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  1. solarus's Avatar
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    #21  
    Palm would do themselves a service by at least offering a demo of a new Pre, one that will be available sometime during the Summer of 2010. They don't have to do it at CES, they could wait until February and do it at Barcelona. With the competition releasing updates to their high-end devices on a yearly (sometimes less) basis Palm need to provide significant updates to both hardware and software on a regular basis too.

    I'm in agreement with mikah - a larger screen (it doesn't have to be a huge increase - and better build quality is a must. That been said, a drastically more open SDK and a fully utilized GPU is equally important. I'd really like to see a snapdragon Pre too but I'm not holding my breath on that one.
  2. #22  
    Quote Originally Posted by cardfan View Post
    I saw someone saying as a possible reason the Pixi not having wifi was to differentiate it from the Pre. This person went on to say, if the Pixi had wifi, customers would have NO reason to spend the extra 50 and get a Pre.

    If this is even remotely true, then what does that have to say for the Pre form factor? Unique, yes. Appealing? Sure. But definitely not the mainstream appeal of a Pixi form factor, iphone's, or a Droid. And crippling another form factor (dropping wifi) to keep the Pre viable?
    The Pixi had to be cheaper right out of the box. Palm was right to provide a phone at the lower-end of the smartphone spectrum--there is basically no competition there. Everyone else is tripping over themselves to produce the high-end phones. Palm won't be able to compete with that, no matter what they do, since the high-end is obsolete so quickly.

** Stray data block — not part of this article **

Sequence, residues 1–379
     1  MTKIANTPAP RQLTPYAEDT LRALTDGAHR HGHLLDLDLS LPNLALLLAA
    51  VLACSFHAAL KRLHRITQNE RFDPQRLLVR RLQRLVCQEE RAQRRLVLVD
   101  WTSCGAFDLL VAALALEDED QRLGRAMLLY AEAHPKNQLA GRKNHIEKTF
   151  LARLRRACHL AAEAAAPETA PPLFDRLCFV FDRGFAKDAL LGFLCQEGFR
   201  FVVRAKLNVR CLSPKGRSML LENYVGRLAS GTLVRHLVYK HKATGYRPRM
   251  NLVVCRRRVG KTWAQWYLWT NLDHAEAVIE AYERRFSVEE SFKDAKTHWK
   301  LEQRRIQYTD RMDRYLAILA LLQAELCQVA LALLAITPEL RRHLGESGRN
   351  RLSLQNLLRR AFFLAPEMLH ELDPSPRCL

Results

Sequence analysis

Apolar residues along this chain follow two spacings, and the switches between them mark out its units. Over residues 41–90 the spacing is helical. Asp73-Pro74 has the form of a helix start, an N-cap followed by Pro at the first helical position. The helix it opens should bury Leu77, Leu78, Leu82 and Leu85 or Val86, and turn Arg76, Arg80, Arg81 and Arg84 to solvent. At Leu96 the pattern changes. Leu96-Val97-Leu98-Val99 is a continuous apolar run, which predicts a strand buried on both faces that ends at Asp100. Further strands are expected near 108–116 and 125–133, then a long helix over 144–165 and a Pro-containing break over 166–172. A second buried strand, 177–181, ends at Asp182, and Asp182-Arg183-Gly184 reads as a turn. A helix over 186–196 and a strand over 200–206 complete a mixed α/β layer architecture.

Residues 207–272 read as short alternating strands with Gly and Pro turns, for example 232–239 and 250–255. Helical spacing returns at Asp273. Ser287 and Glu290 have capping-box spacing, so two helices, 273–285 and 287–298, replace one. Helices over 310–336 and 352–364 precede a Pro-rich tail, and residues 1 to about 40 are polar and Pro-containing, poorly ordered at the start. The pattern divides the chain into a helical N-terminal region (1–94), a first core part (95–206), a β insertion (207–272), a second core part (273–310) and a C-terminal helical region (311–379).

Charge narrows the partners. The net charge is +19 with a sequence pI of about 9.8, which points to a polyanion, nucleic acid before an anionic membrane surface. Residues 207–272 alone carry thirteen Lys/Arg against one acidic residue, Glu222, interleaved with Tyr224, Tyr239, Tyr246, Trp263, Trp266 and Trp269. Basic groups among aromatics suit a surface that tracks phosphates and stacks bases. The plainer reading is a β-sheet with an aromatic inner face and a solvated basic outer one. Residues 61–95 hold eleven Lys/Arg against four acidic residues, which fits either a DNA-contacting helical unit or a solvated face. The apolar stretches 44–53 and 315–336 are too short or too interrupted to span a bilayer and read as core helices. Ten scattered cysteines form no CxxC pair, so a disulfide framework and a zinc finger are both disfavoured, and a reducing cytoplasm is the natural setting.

So, Pixi gets cost cutting compromises. Wifi may have been one cut too many for lots of people, but if you live in an area with good EVDO coverage (lots of people do), it won't hurt you to not have the wifi, especially if you've never had it before.

    But even if the Pixi had wifi, I would still rather have the Pre for the larger screen and the better processor (with apparently more RAM). And that would easily be worth the $50 to me.
    Palm III-->Handspring Visor-->Sony Clie PEG-NR70-->no PDA -->Palm Treo 755p-->Palm Pre-->HP Veer
  3. #23  
    Quote Originally Posted by mikah912 View Post
    I guess there are only so many chipsets out there that they are utterly incapable of utilizing. Why add another?
    Yeah, there's another fine example of realistic contributions to the forum. Of course in anything they do, they will be "utterly incapable of utilizing it", becuase you have deemed it so after 6 whole months of abject failure (in your view, of course). Yet somehow, during that time, they've managed to refloat the company.

    Personally, I'm glad their mission is all about Palm, rather than keeping one particular user happy...
  4. #24  
    Quote Originally Posted by jbg7474 View Post
    Much more exciting would be previews of WebOS 2.0, with discussion about how it will run on the current crop of devices. That would allow buyers to not worry about buying hardware now, while continuing to tantalize the world with the possibilities for WebOS.
    I suspect that if anything, this is what they'll be announcing. I don't think it's "earth-shattering" enough though to be a big announcement. Probably something they'll just do, and leak some buzz about it.
  5. #25  
    Quote Originally Posted by hparsons View Post